What a luxury e-commerce exploits

Nearly 20% of luxury goods sales will be online by 2025 (McKinsey). The digitalization of the sector is on a long -term basis. Very attached to authenticity and personal relationships with customers, the luxury sector has reinvented itself by using technological innovations without distorting the relationship that is so special to the brand. During this period of recovery, some trends tested by major brands are unique and will shape the future of luxury e-commerce.

VIP treatment, even online

No other sector gives more importance to the so -called “luxury” experience. Privileged welcome, personalized advice, product presentation ceremony … VIP treatment before, during and after the sale. Fear of seeing these relationships disappear has divided the e-commerce sector. But shopping for luxury online does not mean giving up on this experience.

Brands are competing with intelligence to expand the spirit of the online store, whether by creating personalized content, presenting themselves on social networks or offering benefits.

Prada, Balenciaga or Dior offer free delivery on all orders as well as personalized and free gift wrapping as if the sale ended in the store. As for Burberry or Moncler, they have developed native applications focused on new products, exclusivity and VIP access to private events.

As the salesperson is always available in stores, online commerce communication tools have proliferated. Luxury chatbots should be able to answer questions as specific as the unexpected; on what fabric a piece is made of, what are the exact dimensions of a garment … via WhatsApp, Facebook Messenger or a dedicated chatroom.

Louis Vuitton and Prada have set up a programmed chatbot to answer some specific questions related to purchases, deliveries and returns. What’s more, a sales assistant took over with product photos and advice. Burberry designed Lola, an app -based virtual assistant. French boutiques Céline and Yves Saint Laurent have invested in WeChat, the super Chinese application. This approach is more than just the website and finding its way into social networks.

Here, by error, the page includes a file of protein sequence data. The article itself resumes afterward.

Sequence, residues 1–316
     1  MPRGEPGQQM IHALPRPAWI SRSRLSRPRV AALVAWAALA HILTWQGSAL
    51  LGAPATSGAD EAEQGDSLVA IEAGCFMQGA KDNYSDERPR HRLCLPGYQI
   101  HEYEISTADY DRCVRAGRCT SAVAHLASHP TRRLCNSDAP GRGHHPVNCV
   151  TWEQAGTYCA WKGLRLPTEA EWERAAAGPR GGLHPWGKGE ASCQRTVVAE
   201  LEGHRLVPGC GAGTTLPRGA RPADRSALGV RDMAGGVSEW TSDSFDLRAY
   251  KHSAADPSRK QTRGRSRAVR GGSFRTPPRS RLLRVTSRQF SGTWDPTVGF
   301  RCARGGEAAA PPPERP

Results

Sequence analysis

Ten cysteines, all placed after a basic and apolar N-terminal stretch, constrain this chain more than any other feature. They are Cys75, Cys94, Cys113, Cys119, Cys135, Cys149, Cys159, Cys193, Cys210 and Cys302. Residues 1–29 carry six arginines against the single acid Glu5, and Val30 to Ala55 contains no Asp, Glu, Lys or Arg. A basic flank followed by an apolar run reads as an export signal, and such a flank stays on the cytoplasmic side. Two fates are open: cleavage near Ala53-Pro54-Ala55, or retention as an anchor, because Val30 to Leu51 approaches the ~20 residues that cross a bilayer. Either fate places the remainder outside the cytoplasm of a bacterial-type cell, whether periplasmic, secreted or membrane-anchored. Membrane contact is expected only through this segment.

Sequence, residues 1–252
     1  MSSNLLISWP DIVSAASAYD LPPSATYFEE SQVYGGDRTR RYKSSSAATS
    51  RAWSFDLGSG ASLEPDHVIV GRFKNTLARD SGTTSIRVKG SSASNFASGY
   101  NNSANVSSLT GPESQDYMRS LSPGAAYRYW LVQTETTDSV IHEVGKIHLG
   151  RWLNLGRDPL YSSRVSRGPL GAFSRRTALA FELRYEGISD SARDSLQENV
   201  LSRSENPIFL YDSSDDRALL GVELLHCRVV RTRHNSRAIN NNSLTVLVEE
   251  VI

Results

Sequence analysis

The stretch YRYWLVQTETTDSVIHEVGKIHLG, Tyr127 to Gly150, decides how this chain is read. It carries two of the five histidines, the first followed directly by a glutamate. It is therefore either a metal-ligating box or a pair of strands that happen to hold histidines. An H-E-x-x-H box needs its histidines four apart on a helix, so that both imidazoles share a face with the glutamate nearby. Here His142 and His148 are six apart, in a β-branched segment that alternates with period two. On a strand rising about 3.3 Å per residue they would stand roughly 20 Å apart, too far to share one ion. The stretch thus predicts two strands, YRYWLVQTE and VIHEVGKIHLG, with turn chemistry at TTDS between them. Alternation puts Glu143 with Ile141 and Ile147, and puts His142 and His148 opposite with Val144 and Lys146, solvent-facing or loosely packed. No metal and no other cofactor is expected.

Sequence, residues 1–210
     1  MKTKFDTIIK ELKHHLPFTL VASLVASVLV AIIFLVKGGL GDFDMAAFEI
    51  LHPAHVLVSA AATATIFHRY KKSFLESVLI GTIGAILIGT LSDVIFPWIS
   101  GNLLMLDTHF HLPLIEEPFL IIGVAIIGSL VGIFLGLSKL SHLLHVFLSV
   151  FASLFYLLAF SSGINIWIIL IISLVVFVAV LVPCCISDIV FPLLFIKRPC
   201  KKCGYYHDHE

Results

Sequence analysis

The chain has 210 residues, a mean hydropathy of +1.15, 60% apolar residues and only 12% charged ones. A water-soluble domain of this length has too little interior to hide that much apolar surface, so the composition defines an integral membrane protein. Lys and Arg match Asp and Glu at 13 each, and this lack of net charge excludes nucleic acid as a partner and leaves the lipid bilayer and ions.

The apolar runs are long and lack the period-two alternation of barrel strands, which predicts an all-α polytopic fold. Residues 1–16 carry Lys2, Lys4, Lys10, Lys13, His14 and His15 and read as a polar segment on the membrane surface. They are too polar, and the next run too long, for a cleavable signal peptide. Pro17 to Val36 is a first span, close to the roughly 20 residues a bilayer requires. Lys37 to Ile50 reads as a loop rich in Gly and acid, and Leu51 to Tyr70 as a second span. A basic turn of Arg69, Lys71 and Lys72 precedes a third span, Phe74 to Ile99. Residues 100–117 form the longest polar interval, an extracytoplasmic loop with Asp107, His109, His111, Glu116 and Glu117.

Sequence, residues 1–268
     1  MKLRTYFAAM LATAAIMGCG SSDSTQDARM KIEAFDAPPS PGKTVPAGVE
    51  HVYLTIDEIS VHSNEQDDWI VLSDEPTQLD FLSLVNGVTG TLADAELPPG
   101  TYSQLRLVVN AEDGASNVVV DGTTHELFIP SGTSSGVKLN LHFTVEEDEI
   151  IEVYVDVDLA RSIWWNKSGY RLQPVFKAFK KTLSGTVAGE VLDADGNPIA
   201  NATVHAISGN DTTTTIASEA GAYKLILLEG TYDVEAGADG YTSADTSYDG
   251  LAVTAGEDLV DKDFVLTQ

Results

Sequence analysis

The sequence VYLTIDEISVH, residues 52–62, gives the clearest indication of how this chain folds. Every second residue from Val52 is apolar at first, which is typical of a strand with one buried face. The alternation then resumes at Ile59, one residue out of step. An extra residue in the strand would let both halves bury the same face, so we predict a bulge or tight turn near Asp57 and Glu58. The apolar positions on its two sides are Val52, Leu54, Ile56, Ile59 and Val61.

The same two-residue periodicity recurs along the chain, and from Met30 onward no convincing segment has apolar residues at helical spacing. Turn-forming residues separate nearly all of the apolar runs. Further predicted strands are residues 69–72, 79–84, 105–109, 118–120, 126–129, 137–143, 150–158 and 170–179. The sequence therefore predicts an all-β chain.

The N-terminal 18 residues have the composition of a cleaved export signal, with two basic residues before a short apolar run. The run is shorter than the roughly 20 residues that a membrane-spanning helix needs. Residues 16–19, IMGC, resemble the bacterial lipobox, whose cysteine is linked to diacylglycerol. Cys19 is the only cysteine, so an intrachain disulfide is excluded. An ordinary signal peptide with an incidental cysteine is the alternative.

“See and buy” is an element of cross-platform strategy. No need to connect to the brand’s website to discover new products and buy them.

Instagram has become a showcase, the smallest publication is commercial content, WeChat mini-sites are extensions of official stores. Even the brand’s blog or online magazine, which maintains its primary function of editorial content, makes it possible to buy the products worn by the models in the photos.

In addition to offering virtually effortless shopping, this type of “buyable” content builds brand loyalty by providing style tips, seeing the people you track wear the same piece. This multi-platform approach is a key axis of development, particularly suited to the luxury sector.

Luxury brands should seriously consider live shopping, with an experience comparable to that offered in a store. Louis Vuitton and Marc Jacobs are already exploiting the Chinese market using Bilibili, a social video platform. By 2026, McKinsey predicts it could have 10-20% of global e-commerce.